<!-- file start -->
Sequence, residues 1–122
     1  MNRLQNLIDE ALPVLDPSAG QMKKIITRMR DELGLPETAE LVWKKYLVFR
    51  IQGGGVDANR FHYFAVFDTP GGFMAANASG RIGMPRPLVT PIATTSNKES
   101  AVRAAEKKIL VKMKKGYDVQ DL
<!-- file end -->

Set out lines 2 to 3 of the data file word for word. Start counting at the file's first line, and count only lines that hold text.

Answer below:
     1  MNRLQNLIDE ALPVLDPSAG QMKKIITRMR DELGLPETAE LVWKKYLVFR
    51  IQGGGVDANR FHYFAVFDTP GGFMAANASG RIGMPRPLVT PIATTSNKES